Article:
Narks had been picked up trying to leave the planet, trying to pass on as a passenger without a ticket. The fact that he had tried to flee merely added to his guilt, and a close investigation revealed just how much he had been involved with the Silver Ring. He was charged along with Tira and for weeks the Seventh Star lay empty for a little while until, eventually, one of his waitresses, a Falleen named Miarka, somehow managed to acquire the premises. It was still a major source of information and the protocol of the callbox still stood, but now it was clean.
Nuada had vanished, and Jali knew that it was no good trying to find him. He told this much to Captain Vantel several months later after Tira was indicted.
Vantel dismissed his doubts. “We’ll find him, Dawler,” he assured Jali. “If you just let us do our job.”
“In case I have to do it for you,” Jali reminded him.
Vantel didn’t see the joke. “I’ve been thinking, Dawler,” he said. “You’re record’s going to be clean again in a few more months, how would you like to come back to us?”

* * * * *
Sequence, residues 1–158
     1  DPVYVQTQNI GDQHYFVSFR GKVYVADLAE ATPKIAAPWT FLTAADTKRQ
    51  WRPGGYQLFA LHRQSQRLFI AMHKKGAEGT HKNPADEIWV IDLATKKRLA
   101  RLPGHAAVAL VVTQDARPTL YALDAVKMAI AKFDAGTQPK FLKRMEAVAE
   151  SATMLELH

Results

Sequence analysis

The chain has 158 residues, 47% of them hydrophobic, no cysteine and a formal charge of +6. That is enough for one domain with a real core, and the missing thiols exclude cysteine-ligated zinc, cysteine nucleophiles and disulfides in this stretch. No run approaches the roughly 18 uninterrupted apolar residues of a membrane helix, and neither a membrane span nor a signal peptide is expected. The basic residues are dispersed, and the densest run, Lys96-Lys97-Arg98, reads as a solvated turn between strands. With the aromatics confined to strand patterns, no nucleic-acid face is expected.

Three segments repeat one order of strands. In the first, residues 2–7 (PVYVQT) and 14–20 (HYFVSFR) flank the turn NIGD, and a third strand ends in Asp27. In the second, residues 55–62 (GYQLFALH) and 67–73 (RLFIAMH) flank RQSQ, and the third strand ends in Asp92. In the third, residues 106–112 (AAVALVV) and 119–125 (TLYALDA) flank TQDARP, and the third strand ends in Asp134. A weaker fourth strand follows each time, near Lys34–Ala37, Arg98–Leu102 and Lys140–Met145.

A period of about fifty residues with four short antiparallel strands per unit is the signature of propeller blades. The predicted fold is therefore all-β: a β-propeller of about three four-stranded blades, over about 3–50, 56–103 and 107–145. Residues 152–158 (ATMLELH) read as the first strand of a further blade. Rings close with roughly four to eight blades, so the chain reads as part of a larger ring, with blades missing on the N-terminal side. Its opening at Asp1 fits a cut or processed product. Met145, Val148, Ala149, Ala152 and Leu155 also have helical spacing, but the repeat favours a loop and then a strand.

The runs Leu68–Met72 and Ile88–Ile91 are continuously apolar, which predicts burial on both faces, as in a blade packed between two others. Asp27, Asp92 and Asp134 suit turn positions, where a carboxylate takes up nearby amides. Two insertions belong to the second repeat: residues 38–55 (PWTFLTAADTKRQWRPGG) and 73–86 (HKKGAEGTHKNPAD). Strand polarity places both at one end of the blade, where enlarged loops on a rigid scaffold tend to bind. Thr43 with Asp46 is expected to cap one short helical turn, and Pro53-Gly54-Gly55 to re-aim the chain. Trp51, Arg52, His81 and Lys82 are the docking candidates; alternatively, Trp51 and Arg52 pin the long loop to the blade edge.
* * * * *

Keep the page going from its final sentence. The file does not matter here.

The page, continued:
“What, go back to the Security Force?” Jali asked incredulously. “Are you serious?”
“I wouldn’t ask if I wasn’t,” Vantel replied. “And after what you did despite what I said to you, well, what do you say?” Jali considered this. “I’ve been thinking about it ever since that morning,” he explained slowly. “And as much as I wanted it when I got out …somehow I don’t think it matters as much any more.”
“I don’t understand you,” Vantel said. “You had a good record when you were with us, and your experience with, well, them, only makes it better.”
“I think it’s that experience that’s going to go against me if I do come back,” Jali pointed out dryly. “Thanks for the offer, but I’m going to have to say no.”
“You’re walking away from a great opportunity here, Dawler,” Vantel told him. “You’re making a mistake.”
“No, I’m not,” Jali argued. “I'm just doing what matters.”
He left Vantel shortly after that, walking along the street at twilight, a cigarette in one hand. He heard footsteps behind him and smiled.
“Balor,” he said, turning around, “should have known it was you. You can’t leave me alone, can you?”
“Nots fors verys longs Jalis,” Balor said, grinning.
“What say we go have a drink?” Jali asked. “Sorel’s is pretty near.”
Balor shook his head. “I’s knows ahs betters places,” he said with a smile, “nots toos fars, goods atmospheres.”
Jali laughed. “Lead me to it, then,” he said, hailing an airtaxi. “Vos Gesal Street,” he told the driver. “Take us to the Seventh Star.”